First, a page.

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Manchester, Georgia
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April 18, 2002     The Hogansville Herald
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April 18, 2002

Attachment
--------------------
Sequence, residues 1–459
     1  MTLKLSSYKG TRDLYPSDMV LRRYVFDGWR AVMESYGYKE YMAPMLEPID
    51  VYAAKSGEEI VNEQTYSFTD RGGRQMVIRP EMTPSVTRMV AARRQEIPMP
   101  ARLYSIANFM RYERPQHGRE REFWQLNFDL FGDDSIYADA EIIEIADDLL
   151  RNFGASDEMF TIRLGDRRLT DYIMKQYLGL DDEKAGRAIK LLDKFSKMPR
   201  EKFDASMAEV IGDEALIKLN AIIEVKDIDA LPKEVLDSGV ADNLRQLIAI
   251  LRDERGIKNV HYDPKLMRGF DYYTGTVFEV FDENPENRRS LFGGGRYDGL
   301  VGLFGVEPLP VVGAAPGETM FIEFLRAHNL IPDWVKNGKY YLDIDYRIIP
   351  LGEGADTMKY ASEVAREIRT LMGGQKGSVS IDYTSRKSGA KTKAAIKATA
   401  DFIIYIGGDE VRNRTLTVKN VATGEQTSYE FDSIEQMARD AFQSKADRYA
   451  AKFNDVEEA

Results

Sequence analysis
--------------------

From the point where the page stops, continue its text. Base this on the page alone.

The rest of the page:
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Opinions &amp; Ideas THE HOGANSVILLE HOME NEWS USPS 6)-040 MnE PLrBLkSH ER]ADvFLRTIS hNG DIRECIX)R JOHN KLDALL A.K'OCIATE PUBLISHER/EDITOR ROB RICHARDSON ASSlSTAN"F EDRX)R JAYNX GOLDSTON B USl Nk%q NAGER Phone (706) 846,31& Fax (706) 846-2206 P. O. lh)x 426 t Iogansville, Georgia 30Z30 A (6rmte lJu[,lirathut Millard B Grimes President Make Memories While There's Time This past week I had to make a trip to Houston, Texas. The occasion was the wedding of my eldest child, Brarmon. R ,aas a time of joy, excitement and apprehension. First, it is comforting to know that he has found the woman that makes him happy. I know there is no doubt he loves Michele and they make the perfect couple. As a!I parents lmow, whatev- er makes your children happ> makes you happy as well. I guess it's natural for par- ents to be a little apprehen- sive when their children marry. All of a sudden, that child that you have nurtured and cherished all those years is on their way to a new life. All of a sudden, you realize they are no longer a child, but an adult and soon have chil- dren of their own. As a par- ent, you also realize what a trelllendous responsibility they have accepted and won- der if you've done your best of preparing them for it. There are also things to be excited abotl$, getting to know the family and having mother d ghter or son to cherisiL lhe thoughts of grandchildren also come to mind and nothing is better than having a grandchild. It's funny really, while grandchil- dren love their morn and dad, there is a special bond between them and their grandparents. It's hard to explain, you don't love them anymore than your own chil- dren, but there is something different about the relation- ship. I guess some of it is parental instinct and you learn as your children grow, not to sweat the little things. So, grandfathers and grand, nmthers have a tendency to be a little more understand- ing with gn:andchildren. 1 COULD GO on and on, but you get the licture, of how your emotions ai, like a roller "Memories of those times on the baseball field, or the funny dance costumes are ones you cherish for- erer..." them, cherish them and that I am proud of them, It is really true, that old liche, "When their young, eir on your minds, when they become older they are on your heart." A LOT OF MY time today is spent working. There are several reasons for that, but the biggest reason is that there are no children at home. However, when they were younger, there was always something that required time. We didn't always have all the things we wanted, but we had all the things we needed. That was because I spent my time coaching Little Iaffue base- ball, football and softball, going to dance recitals, going to Six Flags or the zoo and so on and so on. I spent a great deal of time with my children when they were grovdng up. I don't regret one minute of it. The only thing I do regret is that we didn,t hWe enough of those moments together. So, my advice to all of you young people that are antici- pating the birth of a child, or enteringinto marriage, would be simply this.., cherish the time you have and spendas much of it as possible with your spouse and your chil- dren, because before you know it, and before you are ready for it, they will be plunge of matrimony,. Having said all if that, noWt can get to the point,Both of my children are married now and have new lives. There is not a day that goes by that I do not think about their chitdh()d, the things-we used to do together, and how much life has changed since grown and making a family then, Each and'every day I of their own. Memories of those-times on the baseball field, or the funny dance cos- tumes are ones you will cher- ish forever, even when your children are making memo- ries of their own with their own families. pray for them, ask God to keep them and their families safe and help them to remember that I will always be there for them. I also try and remind myself each day that I need to let them know that I love Ira< lh)c ,'' riLE Hoxtl.; NEws is published weekly by' the Star-Mercury Publishing, ( ', mpan). a divium of Grimes Publications. at 3051 Rox,,evelt Highway. Manchcstei. (icolgia 31816. USPS 620-(t40. Subription rates by mail: $18 in q ,nl-,, Hams or Meriwether Counties: $26 a year elsewhere. ces include all sale,; taxes. Pcnnfical in.rage IXdd at Hogansville. Gcn)rgia 302N1. F'{ )R St BSCRI|q I(INS call (706) 846-3188 or write to Circulation Manager. Star Mcrcur) Publication. P. O. Box 426, Manchester, Gcngia 31816. lh r-u l xsTl m Send ldress changes to E O. Box 426, tkgansville. GA N)230. STA" Publihcl ;rod .-\\;dcnising l)ir't(m......_ ...................................................... Mike Hale As('iaw Publisher and Editor ........................................................... John Kuykendall Busmes> .Ma ge ................................................................................. Jayne Goldslon Assistan! t ditor, ......................................................................... .: ......... Rob Richardm Slall \\; iics ........................................................................ B Geter. Billy B'amt Asisl;mt Advem>ing Manager ........................................................ :. ....... "Laurie Levis Ademmg Sate ......................................................................................... Lin& Lester (%Nting ................ , ............................................... Dewayne Flowers. Valinda ler 3 Legal ........................................................................................... ,. ......... Ja N Goktston Presscm Manager ......................... 2 .............. a.. Wayne G-mchowski " " ......................................................................... DavidBoggs, larry Colleges C()RPOIIE OFfICEIRS ',idcn ..........................................................  ......................... ,...:Millatd B. Grimes ViCe PIcJtl[l[ ............................. ; ............................................... ...Chadotle S. Grimc Scwrelar. ........................................................................................ Laura Grimes Cofer Treasurcc .................................................................................... Kathy Grimes Crafter! txgal Counsel and Assistant So-ret .............................................. James S. Grimes PAGE 4- HoG00ansvIlaX:00,o00 NEWS- APRn. 18, 2002 , Heed the 'Snake Rule' of There is only one way to reach Daufuskie Island, ,South Carolina, and that is by boat. I boarded on nearby Hilton Head Island for the 45- minute trip over to Daufuskie. In the last century, there was a working plantation here by the name of Melrose. A facsimile of that plantation has been recarved from the wooded thickets. Melrose now offers its members peaceful, quiet, gracious hospitality, not to mention a beautiful inn, cot- tages on the beach, horseback riding, tennis and golf on a Jack Nicklaus course. It was the golf that lured me there. On the par-4 fourteenth, I hooked my drive into the woods. As I drove off in my cart in search of it, my part- ner said, "Be careful. They've been seeing a lot of snakes lately." Snakes are right up there with the things I fear most. Lightning is on that list. So is flying in bad weather at night, the dentist and revenge- minded ex wives. "What kind of snakes have they been seeing?" I asked my fellow competitor. "Rattlesnakes, I guess," he said. I DON'T KNOW why I asked that silly of a question. As far as I'm concerned, a snake is a snake. I didn't pay enough attention in Boy Scouts to be able to determine when I step on a snake whether it is going to bite me, coil around me and squeeze me to death, or talk about all the tat s it has beeh eating late- ly. "If they ain't got shoul- ders," my boyhood friend and idok Weyman C. Wannamaker, Jr., used to say, "I don't want to be near them." Weyman's uncle had frightened him about the dreaded "cottonmouth water rattler." "My uncle says that's the meanest snake there is," Weyman explained. "They'll follow you home and wait for you to come out of the house the next morning." "Do you think it's safe to go into the woods after my ball?" I asked my partner, as I reminded myself golf balls cost only $2.S0. "Just be careful around thick brush and fallen logs," he said. I DROVE MY cart into the woods and was about to get out when I noticed all I could see around me was thick brush and fallen logs. "One other thing!" my partner yelled to me. "Snakes climb up trees, sometimes, and they can fall off on your head." I might have been able to deal with thick brush and the fallen logs. The part about a snake falling on my head did it, and from that point on I played by the '-'snake rule,'" which clearly states, "Any player who hits a ball any- where there might be a snake can forget about that ball and drop another in the fairway with no penalty." I was at Melrose t remained out of the: and never saw snake My partner, had to play one day. "She went into on 11 and sawa explained. "Best ever happened to me. "What do you that?" I asked. "The minute running," he said, up golf forever." will let a driver in the line of traffic, there are those who will stop at a light and leave the entrance to a business or side street open, and there are those who will still use their turn signal, but we also read and hear of road rage and general discourtesies. In stores, acts of kindness are fading, in grocer] stores, and even in some  there are those who only care for self. Although the New Testament may be approach- ing 2000 years old, the Golden Rule is stiU golden. If a person were to care- full), consider what Matthew says in his gospel, he would find there are two aspects to the Golden Rule. There is a positive sidatl;ere is a negatil,e side: The negative side says that we are not to do things unto others that we do not want done to us. There is a positive side to the rule. We are to go and do what we would like done unto us. We are not only not to harm oth- ers, but we are to go and show acts of kindness. says in Proverbs man that hath shew way: "What goes cmes around." Solomon: "Cast thy bread waters: for after Today, why not concerted effort not to be unkind, but to extra special someone an act even if the3 is still golden. II I00me Hog00 asvme Prede(:tssor to the Hogansville WINS FOR SHEHFF BY HUGE MA00RITY Go back to the days of your childhood and try to remember those early Sunday School days. Go back to those days of summer Vacation Bible School. Remember the Bible stories, the games, the crafts, the grape popsicles, and the skits. I can remember some of those days. I guess my gen- eration can say that those were the good old days. In thinking about those days, I can remember in Bible School and in Sunday School being taught the Golden Rule. We as children were taught to do unto others as we would have them do unto us. The Golden Rule is found specif- ically in Matthew 7:12 which says, "Therefore all things whatsoever ye would that men should do to you, do ye even so to them: for this is the law and the prophets." Although times have changed, society has changed, people have changed, and practices have changed, the principles of the Word of God have not changed. Truly the Golden Rule is still golden. I wonder if today's gener- ation had that rule instilled in them as previous genera- tions, if we would see the vio- lence we see today in our land? We hear the horror sto- ries of school shootings, we hear of the accounts of bul- lies in our schools, and many times we wonder what has happened to our young peo- ple. But my question is: Where are the parents? Where are the parents who raised their children in church? Where are the par- ents that stood behind the teacher when the teacher dis- ciplined the student at school? Where are the par- ents that taught their children the Golden Rule? I admit that despite the best efforts of some parents, there are some young people who still get into major trouble. However, compare the problems of today with the problems of yesterday, and we can see the vast difference. Why? I feel like the reason we have such cliques in school, such acts of bullying, and such incidents of revenge is because we have forsaken the biblical principle that men have referred to as the Golden Rule. May we be also reminded that a lot of our young people have not only forsaken the GoldenRule, but we as adults have done the same. We have been so engrossed in a self-preserv- ing society that we have for- gotten about the other guy. On our roads common cour- tesy is almost a thing of the past. There are those who still The Golden Rule Is Still Golde AND TAPE.S ABLE FOR SALE BOX 191266, 31118-1266 ops the for the Congr Cone be his remain office s]:i Hogan.' Tee enjoyed nie Saturday at Sport Club .... Scout Fnday, in The take races, bursts... O U n ii Met Church begin atJon Nursery small dunng ING AND EDITING BEING DEDICATED MEMORY AT HIS UNIVERSITY BY SPECIAL MENT WITH HIS DEDRA, THE HOME CARRYING COLUMNSB GRIZZARD,